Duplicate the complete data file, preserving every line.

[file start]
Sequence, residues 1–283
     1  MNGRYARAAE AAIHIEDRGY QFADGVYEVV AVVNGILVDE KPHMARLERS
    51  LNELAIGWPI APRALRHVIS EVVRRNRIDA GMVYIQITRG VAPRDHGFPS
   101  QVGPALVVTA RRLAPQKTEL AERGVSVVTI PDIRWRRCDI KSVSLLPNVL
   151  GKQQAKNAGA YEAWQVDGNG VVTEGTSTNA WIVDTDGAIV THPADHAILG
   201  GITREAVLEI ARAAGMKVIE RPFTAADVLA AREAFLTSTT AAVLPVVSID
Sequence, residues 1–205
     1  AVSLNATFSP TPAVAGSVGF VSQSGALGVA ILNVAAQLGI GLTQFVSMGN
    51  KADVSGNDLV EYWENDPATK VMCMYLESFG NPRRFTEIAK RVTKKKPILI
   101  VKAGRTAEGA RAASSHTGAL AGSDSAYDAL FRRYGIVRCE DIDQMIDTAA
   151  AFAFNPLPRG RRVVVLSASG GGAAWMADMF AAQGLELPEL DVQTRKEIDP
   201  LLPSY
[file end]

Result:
Sequence, residues 1–283
     1  MNGRYARAAE AAIHIEDRGY QFADGVYEVV AVVNGILVDE KPHMARLERS
    51  LNELAIGWPI APRALRHVIS EVVRRNRIDA GMVYIQITRG VAPRDHGFPS
   101  QVGPALVVTA RRLAPQKTEL AERGVSVVTI PDIRWRRCDI KSVSLLPNVL
   151  GKQQAKNAGA YEAWQVDGNG VVTEGTSTNA WIVDTDGAIV THPADHAILG
   201  GITREAVLEI ARAAGMKVIE RPFTAADVLA AREAFLTSTT AAVLPVVSID
Sequence, residues 1–205
     1  AVSLNATFSP TPAVAGSVGF VSQSGALGVA ILNVAAQLGI GLTQFVSMGN
    51  KADVSGNDLV EYWENDPATK VMCMYLESFG NPRRFTEIAK RVTKKKPILI
   101  VKAGRTAEGA RAASSHTGAL AGSDSAYDAL FRRYGIVRCE DIDQMIDTAA
   151  AFAFNPLPRG RRVVVLSASG GGAAWMADMF AAQGLELPEL DVQTRKEIDP
   201  LLPSY